The autobiography tells of the author travelling from his home in Manchester to spend his summer holidays with his grandparents in Athy, Co Kildare. Driving the car on a cold and wet evening, thinking of the journey on a June day seemed a pleasant way of passing the time. The writer made the journeys in the late 1970s, it wasn’t so hard to re-create a mental picture of its stages.
Flying was for wealthy people, it would only be contemplated by ordinary people in the event of emergency; for a boy, going to Ireland probably meant travelling by train. Wasn’t it Oxford Road station in Manchester that was near parts of the city where the Irish community was strong? From there, a train could be caught to Chester, maybe it was called the “Chester Flyer.” It was a diesel multiple unit, perhaps two or three carriages long. At Chester, the change could be made to join the train to Holyhead.
The Holyhead train would fill the length of one of the platforms at Chester. A locomotive and a full train of carriages behind it, first and second class and a dining car. Second class carriages were open plan, pairs of seats on either side of a table, in times before social life was destroyed by iPods and the like, journeys could be opportunities for interesting conversations..
A daytime train meant catching glimpses of the North Wales coast. There were dozens of caravan sites and station names were familiar from holiday brochures: Prestatyn, Rhyl, Colwyn Bay, Llandudno. There was the sturdy timelessness of Conwy castle before Bangor was reached and then the crossing of Menai Strait. Only when passing through by car years later did there come an opportunity to stop at the railway station that bore the name, “Llanfairpwllgwyngyllgogerychwyrndrobwllllantysiliogogogoch.” It was disappointing to discover that the name on the sign had been invented in the 1860s and that its original form was considerably shorter.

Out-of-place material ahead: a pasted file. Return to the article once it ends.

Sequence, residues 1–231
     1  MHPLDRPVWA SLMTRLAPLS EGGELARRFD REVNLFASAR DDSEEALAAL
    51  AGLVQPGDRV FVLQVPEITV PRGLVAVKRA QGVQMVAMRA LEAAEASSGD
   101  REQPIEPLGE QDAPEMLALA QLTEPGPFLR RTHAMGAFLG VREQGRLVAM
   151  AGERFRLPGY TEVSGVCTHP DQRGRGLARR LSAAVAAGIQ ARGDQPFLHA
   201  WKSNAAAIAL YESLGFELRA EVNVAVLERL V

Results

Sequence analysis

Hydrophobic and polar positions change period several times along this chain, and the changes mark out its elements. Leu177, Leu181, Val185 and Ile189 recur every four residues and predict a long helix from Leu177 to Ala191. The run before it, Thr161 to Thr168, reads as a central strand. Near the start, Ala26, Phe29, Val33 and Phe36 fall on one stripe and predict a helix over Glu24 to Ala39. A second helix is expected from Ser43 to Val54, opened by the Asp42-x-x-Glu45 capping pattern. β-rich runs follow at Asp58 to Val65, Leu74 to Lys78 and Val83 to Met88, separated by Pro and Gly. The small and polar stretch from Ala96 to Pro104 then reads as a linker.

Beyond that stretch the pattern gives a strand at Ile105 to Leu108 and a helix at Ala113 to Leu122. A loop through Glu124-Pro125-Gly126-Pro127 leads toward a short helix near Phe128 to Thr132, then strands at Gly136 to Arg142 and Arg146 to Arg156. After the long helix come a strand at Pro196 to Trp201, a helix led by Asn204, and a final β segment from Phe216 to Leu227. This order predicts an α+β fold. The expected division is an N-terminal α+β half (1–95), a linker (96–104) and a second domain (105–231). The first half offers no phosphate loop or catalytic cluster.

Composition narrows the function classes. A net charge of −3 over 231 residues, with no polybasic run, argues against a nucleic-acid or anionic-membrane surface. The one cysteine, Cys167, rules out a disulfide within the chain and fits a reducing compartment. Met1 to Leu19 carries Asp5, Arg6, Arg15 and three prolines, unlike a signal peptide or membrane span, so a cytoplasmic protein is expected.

The autobiographer would probably have taken little notice of Welsh towns and villages, the object would be to reach Holyhead and the ferry for Ireland. The port had always an ambiguity about it, sailings to Ireland were to somewhere outside of the United Kingdom, but not to somewhere that was foreign – there were customs officials, but no passport controls.
The Sealink sailing to Dun Laoghaire lasted three and a half hours, an unpleasant time in stormy conditions. The ship was filled with bars and duty free shopping and offered little comfort. There seemed a sense of delight as the harbour was entered and the vessel tied up at the Carlisle Pier. Irish customs would stand and watch foot passengers as they walked through the port buildings, mostly disinterested in the arrivals.
In those times before the arrival of the DART, the journey to the city centre was probably easiest in one of the orange-brown coloured Dublin buses. There were still conductors to take the fares and to give advice to passengers arriving in Dublin for the first time.
Then what? Might the writer have gone to Busaras for a bus to Athy, or taken a bus west along the quays to Heuston Station. It seemed a much more exciting prospect, an orange and black train pulled by a diesel locomotive heading south toward Waterford. The journey to Athy would have meant just three stops, and then stepping out on the platform of the Victorian stone station.
Dull as it might seem now, would not such a journey have been filled with excitement for a young boy?